Do I only post these days when I am away from home? It feels more and more like it. How have I become so time poor in my day to day life? That's something I'll perhaps think about, but it does make these escapes afloat and elsewhere particularly precious.
The plan for today was to head for the local Co-op and get my Saturday Guardian and a few bits and bobs I needed – celery, chilli flakes, brown rice – then come back and do some boat cleaning. However the weather had other ideas. Last night it rained and rained. MasterB and I cuddled together in the fore cabin and I watched Defence Of the Realm, a film I saw at the National Film Theatre on the South Bank in the mid 80s and which, along with the TV series Defence of the Realm with Ray Macanally informed much of my political prejudices and beliefs. I remember walking home feeling very unsettled. By today's standards it seemed quite tame, which made me wonder about how the world has changed in my lifetime, and how my expectations, despite the end of the Cold War, are bleaker. It was this film that introduced me to Paschabel's canon. In my memory this music played almost constantly. I was surprised how sparing it was actually. Incidental music to heighten tension seemed very dated and in fact probably reduced tension, seeming almost comic.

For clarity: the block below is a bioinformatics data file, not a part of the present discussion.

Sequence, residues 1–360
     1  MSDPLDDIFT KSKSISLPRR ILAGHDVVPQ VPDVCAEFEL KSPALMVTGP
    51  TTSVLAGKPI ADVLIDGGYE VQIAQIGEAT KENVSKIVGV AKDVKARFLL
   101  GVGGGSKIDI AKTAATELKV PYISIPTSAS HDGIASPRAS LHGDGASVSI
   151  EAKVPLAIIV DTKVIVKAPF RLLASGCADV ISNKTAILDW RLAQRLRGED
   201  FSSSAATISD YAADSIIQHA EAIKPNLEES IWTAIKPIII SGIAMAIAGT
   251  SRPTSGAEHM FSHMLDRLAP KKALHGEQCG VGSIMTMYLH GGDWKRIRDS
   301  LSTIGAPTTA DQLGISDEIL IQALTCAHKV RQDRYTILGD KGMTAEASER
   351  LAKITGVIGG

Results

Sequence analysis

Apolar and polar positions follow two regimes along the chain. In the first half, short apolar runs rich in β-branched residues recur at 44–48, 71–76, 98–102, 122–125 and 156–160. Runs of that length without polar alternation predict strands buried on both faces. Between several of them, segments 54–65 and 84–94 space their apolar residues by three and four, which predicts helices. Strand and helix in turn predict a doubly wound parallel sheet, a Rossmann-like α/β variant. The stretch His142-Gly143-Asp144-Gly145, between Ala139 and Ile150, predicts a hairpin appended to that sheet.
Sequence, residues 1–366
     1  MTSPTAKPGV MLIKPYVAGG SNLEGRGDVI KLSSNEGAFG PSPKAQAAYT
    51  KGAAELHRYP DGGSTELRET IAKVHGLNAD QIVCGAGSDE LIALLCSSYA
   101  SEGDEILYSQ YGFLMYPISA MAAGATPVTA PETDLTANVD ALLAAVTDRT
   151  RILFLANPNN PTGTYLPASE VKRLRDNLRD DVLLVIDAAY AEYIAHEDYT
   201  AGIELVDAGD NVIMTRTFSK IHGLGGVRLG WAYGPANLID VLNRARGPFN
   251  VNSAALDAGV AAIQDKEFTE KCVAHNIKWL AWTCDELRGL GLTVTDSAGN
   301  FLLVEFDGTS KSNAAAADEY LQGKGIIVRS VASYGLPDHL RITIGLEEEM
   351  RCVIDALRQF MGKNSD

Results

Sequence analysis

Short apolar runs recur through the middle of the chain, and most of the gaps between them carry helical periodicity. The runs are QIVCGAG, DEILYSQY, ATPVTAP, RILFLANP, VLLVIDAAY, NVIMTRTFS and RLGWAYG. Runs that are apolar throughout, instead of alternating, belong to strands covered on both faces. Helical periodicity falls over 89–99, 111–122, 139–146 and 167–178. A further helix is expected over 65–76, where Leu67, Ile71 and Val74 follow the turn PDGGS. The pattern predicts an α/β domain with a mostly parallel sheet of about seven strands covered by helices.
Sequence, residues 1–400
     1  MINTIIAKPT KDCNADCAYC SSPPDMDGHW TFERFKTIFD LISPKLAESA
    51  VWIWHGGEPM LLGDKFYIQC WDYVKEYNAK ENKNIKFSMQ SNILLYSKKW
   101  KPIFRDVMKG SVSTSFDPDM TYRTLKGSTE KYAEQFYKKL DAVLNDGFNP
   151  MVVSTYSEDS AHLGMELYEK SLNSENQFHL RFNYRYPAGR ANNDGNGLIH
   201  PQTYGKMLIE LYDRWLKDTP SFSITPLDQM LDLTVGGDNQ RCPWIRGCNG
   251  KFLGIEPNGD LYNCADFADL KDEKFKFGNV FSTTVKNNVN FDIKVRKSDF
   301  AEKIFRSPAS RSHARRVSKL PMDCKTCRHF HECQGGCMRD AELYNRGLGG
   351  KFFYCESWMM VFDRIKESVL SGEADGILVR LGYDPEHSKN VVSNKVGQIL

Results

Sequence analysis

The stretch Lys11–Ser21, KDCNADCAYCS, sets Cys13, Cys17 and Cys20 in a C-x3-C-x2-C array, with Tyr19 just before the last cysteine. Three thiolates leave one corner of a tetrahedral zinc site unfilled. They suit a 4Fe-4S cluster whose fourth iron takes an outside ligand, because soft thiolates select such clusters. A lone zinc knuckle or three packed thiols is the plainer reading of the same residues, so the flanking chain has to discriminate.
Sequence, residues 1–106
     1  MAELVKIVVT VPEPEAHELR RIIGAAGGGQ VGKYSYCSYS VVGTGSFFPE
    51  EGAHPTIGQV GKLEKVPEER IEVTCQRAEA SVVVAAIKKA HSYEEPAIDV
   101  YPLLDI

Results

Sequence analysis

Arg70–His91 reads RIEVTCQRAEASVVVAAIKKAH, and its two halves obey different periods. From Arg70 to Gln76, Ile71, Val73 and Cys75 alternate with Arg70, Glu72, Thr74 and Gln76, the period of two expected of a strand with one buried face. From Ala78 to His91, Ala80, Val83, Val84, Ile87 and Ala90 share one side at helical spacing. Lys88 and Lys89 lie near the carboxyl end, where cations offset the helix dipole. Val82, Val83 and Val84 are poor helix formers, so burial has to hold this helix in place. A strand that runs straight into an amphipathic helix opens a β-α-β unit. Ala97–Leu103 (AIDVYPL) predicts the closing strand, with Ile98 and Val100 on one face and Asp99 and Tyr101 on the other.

The rain continued today in sudden spiteful outbreaks of heavy showers, but it was the wind that deterred my cleaning plans. Having the water from the hose blown back in my face didn't appeal. Call me a wimp if you like. It'd not be far from the truth. But I did get my Guardian and groceries, plus flowers from the organic farm shop where I intend to go before I go home to buy fresh salad and kale. So I shelved the cleaning plans and read the paper with a fairly easy conscience, tried and failed to solve the problem of the airlock with the taps on board that just splutter and spit, listened to some more chapters of Phineas Redux by Anthony Trollope and went for a walk with my camera.
But the high spots started at just six this morning. MasterB was angling for his breakfast and fidgeting. I got up, looked out of the galley window, still ore asleep than awake, and saw a flash of iridescent blue from the pontoon a few yards away I realised was a kingfisher. For a few moments I was tempted to get up and watch in the hope it would be return, but sleep had the greater pull. I haven't seen a kingfisher here for ages. I'm not sure that the last time wasn't with Aunt several summers ago when just as I'd said I thought the marina was too busy for us to see kingfishers two landed close by us. I remember turning to her, silenced, my mouth open, to see my own delight and amazement mirrored in her face.
So I was just doing my washing up, dealing with the spluttering, spitting tap, when I looked up and there was the kingfisher again, right in front of me. Seeing some animals make me feel blessed, and kingfishers are on that list. Hearing the cuckoo makes me feel blessed, and in this birding territory I am blessed most springs. So two sightings before half past nine. Then this afternoon, returning from my camera walk, I went to the river and saw that magical blue again. My zoom wasn't powerful enough but I took a couple of pictures anyway. Knowing all the same that seeing the bird with the naked eye is better than any photographic proof. The evening is sunny now after yet another squally shower, but I am replete, complete with what I have seen. Terrorists may rage, ideologists may rant, politicians may proselytise, but it's art nature not money or ideology that makes this life precious.